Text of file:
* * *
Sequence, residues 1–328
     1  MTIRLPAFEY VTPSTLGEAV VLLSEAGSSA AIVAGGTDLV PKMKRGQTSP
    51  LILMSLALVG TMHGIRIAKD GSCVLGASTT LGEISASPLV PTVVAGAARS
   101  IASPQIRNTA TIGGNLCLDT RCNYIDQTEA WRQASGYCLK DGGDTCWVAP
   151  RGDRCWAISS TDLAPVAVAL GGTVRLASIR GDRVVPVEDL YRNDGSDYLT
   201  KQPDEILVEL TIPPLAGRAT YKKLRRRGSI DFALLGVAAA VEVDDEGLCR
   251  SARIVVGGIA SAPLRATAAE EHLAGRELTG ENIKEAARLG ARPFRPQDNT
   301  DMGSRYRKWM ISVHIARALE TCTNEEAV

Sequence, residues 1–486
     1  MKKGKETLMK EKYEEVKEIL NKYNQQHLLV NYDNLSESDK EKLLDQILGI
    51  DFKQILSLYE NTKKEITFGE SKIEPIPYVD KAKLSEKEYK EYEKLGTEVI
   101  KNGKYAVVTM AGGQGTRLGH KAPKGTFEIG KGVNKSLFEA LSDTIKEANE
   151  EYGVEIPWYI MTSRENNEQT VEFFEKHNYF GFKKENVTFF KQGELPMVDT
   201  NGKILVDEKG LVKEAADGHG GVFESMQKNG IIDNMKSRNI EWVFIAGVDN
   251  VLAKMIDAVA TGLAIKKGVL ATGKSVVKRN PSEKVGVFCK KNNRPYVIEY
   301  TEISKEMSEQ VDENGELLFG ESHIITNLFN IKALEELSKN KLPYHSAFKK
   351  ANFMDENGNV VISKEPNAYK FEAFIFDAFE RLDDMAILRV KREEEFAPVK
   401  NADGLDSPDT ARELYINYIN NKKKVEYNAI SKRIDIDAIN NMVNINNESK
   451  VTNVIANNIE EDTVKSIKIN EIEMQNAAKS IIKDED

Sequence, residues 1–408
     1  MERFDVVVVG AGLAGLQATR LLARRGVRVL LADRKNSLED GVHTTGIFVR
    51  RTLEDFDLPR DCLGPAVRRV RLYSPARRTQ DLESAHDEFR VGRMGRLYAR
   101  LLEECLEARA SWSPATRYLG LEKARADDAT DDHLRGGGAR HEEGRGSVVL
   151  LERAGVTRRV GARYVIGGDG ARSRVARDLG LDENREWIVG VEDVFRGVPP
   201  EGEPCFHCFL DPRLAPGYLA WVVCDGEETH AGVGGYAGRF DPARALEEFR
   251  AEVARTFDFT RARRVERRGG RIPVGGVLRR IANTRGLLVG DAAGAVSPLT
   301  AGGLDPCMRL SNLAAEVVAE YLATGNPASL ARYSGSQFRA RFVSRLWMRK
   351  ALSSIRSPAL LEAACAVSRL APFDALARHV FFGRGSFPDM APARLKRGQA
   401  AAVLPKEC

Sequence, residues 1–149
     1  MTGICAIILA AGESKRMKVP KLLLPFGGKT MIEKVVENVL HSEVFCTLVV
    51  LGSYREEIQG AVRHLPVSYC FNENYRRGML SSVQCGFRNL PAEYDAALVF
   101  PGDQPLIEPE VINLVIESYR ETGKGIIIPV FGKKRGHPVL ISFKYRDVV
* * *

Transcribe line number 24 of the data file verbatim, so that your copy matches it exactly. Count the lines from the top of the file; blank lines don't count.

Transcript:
   151  LERAGVTRRV GARYVIGGDG ARSRVARDLG LDENREWIVG VEDVFRGVPP